Darian Ward, former press secretary for Mayor Turner, released on bond

HOUSTON— Darian Ward, Houston Mayor Sylvester Turner's former press secretary, has been released on a $500 bond after turning herself in Monday to the Harris County Sheriff's Office.

Ward was indicted by a grand jury on July 19 and charged with failure or refusal of an officer to provide public information. She is accused of misusing city time and resources for her own personal gain.

Ward came under fire after it was discovered that, while on the job, she was allegedly using her status in the mayor's office as a means to promote her own personal production company, Joy in Motion.

It was alleged that Ward sent thousands of emails from her official city email address, soliciting donations for non-city related charities, pitching reality shows and a number of other non-work related events. Investigators believe she used her city email address as "muscle" to help persuade the parties in which she was reaching out to.

Investigators say many of the disputed e-mails were also about a reality TV show Ward was pitching.

"When a reporter ended up getting wind of it," prosecutor Stuart Tallichet said. "She again used her office to again cover it up."

Ward was initially suspended for two weeks without pay but succumbed to public pressure and resigned in January.  However, by withholding thousands of e-mails as requested, Ward could not ward off legal trouble.

Defense attorney Chris Tritico is representing Ward.

"There is an exception to the public information act that if the request is merely for personal information, it`s not subject to release under the public information act and this request was for personal information," he said.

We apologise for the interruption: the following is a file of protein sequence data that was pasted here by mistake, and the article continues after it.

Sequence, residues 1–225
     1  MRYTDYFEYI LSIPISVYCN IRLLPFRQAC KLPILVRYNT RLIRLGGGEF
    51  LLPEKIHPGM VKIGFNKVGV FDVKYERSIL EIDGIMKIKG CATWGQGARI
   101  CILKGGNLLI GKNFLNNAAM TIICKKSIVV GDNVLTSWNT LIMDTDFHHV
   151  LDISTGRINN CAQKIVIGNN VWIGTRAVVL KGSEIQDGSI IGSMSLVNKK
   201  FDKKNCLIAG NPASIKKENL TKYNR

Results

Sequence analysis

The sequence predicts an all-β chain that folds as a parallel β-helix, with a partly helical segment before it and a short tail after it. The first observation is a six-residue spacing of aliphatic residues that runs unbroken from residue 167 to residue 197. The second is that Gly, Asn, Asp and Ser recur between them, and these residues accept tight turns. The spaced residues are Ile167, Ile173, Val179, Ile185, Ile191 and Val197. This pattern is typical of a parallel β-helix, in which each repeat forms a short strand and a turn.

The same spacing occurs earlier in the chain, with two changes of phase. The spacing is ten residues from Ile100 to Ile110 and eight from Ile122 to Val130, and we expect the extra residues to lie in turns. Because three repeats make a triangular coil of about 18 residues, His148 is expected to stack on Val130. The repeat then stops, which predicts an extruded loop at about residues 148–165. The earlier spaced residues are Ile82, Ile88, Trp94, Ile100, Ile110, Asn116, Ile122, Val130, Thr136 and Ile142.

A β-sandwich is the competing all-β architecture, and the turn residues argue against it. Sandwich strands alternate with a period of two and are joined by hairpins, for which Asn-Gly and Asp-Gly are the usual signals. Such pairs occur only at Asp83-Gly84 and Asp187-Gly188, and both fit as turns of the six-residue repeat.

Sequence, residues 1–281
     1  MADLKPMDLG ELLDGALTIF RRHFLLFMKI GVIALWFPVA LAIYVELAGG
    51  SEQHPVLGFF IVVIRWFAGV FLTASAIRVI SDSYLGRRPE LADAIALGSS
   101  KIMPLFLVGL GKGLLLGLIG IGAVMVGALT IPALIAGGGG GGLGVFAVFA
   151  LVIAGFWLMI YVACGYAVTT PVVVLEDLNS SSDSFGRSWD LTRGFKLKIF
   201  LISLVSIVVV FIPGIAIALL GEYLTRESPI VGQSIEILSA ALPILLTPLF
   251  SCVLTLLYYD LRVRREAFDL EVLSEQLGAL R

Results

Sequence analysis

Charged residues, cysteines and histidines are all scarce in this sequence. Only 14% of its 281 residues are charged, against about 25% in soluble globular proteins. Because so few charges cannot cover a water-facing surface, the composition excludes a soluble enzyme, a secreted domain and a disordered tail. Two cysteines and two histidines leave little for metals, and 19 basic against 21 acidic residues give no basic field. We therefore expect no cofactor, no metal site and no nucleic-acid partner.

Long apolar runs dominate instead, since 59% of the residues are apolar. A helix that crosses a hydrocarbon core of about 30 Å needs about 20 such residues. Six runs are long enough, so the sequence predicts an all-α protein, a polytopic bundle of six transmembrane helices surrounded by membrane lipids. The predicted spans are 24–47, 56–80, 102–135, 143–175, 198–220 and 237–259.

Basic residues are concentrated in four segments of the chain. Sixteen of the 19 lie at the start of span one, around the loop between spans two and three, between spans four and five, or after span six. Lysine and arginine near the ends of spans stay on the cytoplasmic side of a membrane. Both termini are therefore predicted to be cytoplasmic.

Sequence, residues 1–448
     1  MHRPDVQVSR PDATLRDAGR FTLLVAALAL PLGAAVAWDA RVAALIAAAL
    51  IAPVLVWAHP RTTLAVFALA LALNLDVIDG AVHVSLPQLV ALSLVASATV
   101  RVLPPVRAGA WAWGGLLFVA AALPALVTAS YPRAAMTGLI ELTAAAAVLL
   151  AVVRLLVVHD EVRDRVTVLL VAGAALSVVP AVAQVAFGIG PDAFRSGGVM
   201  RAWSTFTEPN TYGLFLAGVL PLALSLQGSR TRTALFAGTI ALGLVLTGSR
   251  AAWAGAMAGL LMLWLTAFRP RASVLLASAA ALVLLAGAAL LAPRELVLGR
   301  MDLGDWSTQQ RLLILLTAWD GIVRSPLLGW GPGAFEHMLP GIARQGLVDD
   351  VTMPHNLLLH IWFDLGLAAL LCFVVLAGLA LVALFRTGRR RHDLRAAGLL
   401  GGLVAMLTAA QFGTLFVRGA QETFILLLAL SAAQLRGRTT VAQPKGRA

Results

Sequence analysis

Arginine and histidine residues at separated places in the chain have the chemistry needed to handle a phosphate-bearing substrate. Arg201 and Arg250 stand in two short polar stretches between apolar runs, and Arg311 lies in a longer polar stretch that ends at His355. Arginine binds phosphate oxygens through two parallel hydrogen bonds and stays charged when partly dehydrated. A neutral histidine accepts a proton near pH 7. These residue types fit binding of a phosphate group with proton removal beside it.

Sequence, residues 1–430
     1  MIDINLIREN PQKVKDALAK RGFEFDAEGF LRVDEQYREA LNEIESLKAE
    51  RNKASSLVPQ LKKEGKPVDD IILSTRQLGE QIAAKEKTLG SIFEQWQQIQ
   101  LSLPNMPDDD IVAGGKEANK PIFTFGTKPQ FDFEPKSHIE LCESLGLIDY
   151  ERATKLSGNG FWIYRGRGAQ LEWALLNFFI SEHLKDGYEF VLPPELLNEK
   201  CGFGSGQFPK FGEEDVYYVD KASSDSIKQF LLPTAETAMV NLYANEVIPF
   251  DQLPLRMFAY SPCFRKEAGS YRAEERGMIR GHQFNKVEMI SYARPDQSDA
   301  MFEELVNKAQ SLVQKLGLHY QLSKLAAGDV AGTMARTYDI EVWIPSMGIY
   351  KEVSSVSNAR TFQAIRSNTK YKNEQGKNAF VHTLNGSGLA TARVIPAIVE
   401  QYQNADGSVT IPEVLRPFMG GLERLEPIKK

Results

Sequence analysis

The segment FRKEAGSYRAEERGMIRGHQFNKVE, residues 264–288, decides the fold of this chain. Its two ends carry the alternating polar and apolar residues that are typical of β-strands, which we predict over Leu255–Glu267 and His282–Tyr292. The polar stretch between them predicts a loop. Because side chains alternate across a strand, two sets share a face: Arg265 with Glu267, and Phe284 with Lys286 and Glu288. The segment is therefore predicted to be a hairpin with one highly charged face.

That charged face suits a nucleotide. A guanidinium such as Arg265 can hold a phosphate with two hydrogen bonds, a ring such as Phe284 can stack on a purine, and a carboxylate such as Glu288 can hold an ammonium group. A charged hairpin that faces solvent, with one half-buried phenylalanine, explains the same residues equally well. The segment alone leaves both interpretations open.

Tritico doesn't deny his client conducted personal business on the city's time and dime.

"The mayor punished her for violating city policy, that does not make that a crime under the Texas Public Information Act. It's two different things," he said.

He maintains a city employee's e-mails about private business affairs are not public record, even when sent using a city e-mail account.

"It's our view, that under the law, this was not subject to release. Period," he said.

"Really, it's about government transparency," Tallichet said.

The mayor's office released a statement Thursday in regard to the indictment:

“Mayor Turner expects every city of Houston employee to comply with the Texas Public Information Act.  Questions about today’s grand jury decision should be directed to the Harris County District Attorney’s Office.

The mayor is currently on a trade mission in South America, where he is focused on promoting Houston, and growing business and cultural ties in Peru, Chile and Argentina.”

Ward faces up to six months in jail, up to a $1,000 fine, or a combination of both, if convicted.

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